Until Proven Guilty

How much trust do you have in a person? I suppose it depends on how you’re related to that person, if it’s a close family member you put in a lot of your trust and if it’s somebody you don’t know at all, you are a lot more hesitant. Trust has to be earned and so it’s almost as valuable as respect (and perhaps more). How do you trust a person you don’t know? You get to know that person, you talk with that person and you get to know what kind of a person he really is. After a sufficient amount of time that’ll vary depending on how trusting you are, you’ll know that you’re willing to stand as surety if that person wants a loan. In the end, trust boils down to acceptance without concrete proof. I’m sure it’s all very complicated than that sentence, but I think I can, within limits, define trust like that. Let’s see the dictionary definition of


[1] the trait of trusting; of believing in the honesty and reliability of others; “the experience destroyed his trust and personal dignity”
[2] certainty based on past experience; “he wrote the paper with considerable reliance on the work of other scientists”; “he put more trust in his own two legs than in the gun”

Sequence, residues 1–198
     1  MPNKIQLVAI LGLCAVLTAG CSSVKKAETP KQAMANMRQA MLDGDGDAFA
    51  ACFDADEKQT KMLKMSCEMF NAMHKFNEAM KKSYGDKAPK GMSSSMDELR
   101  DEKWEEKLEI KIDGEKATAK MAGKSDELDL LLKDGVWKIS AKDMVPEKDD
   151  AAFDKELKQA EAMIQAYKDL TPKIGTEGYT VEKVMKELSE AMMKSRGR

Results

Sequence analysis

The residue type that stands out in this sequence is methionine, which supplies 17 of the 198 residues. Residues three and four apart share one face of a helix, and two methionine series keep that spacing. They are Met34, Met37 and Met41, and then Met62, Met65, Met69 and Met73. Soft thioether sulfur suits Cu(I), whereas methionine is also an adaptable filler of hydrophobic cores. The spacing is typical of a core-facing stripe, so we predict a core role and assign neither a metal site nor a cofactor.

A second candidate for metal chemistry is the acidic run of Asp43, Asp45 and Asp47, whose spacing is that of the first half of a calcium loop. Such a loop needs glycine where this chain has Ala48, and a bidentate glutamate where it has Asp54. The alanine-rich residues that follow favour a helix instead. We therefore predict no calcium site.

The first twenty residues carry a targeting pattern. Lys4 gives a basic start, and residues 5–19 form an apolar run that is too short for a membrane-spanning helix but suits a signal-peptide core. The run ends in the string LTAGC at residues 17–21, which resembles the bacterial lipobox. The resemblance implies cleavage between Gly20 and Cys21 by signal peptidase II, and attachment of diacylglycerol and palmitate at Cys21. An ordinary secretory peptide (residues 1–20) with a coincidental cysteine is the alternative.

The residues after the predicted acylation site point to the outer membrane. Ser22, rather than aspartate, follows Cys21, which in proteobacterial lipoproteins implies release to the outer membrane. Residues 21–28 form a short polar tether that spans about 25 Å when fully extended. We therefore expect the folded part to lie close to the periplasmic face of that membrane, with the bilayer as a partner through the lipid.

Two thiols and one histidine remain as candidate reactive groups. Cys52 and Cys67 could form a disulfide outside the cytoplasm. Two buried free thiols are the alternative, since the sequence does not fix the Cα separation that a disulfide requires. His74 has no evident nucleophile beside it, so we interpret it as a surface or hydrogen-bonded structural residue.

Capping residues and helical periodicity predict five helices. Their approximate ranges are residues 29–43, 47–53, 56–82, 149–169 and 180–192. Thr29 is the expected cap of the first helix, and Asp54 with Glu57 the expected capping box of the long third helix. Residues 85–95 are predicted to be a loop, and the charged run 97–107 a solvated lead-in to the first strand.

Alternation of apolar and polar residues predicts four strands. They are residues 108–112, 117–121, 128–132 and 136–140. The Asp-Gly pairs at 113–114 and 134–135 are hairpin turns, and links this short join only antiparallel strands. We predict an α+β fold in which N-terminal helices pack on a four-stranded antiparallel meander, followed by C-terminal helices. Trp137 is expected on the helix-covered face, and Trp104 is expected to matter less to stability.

Yes, pretty similar. You get to trust a person by knowing what kind of person he really is. So what if you can’t get to know the person? In the magic wonderful peculiar world of the World Wide Web, nobody really knows who anybody else is. The girl that you’re flirting with could be a 60yr old man. I’ll leave other problems to your imagination, but my thesis is simple: since you can’t be sure who that person is, you can’t trust him.

Or can you? Since the net has started, people have looked for a solution to this problem, because as I said earlier, trust is important for any human gathering. From very early trust groups to a more recent attempt, people have tried hard to bring trust into the equation. Attempts like Friendster fail to ensure any kind of perfect trust. But Friendster works as it does in real life. The people closer to you, you can trust more. But it still fails because it’s not easy to make new friends when you really can’t find out who that person is.

Now you’all will hear my solution. In fact, it’s not mine, it’s lifted off law books: Innocent until Proven Guilty. For the ten thousands of perverts there on the net, there are ten million good people out there. There is a chance (as there is a chance in real life too) that you’ll come to trust one of those bad people. But people are, and should be, innocent until proven guilty, never the other way around. I suppose, in the end, it all comes down to trust. You should have enough.

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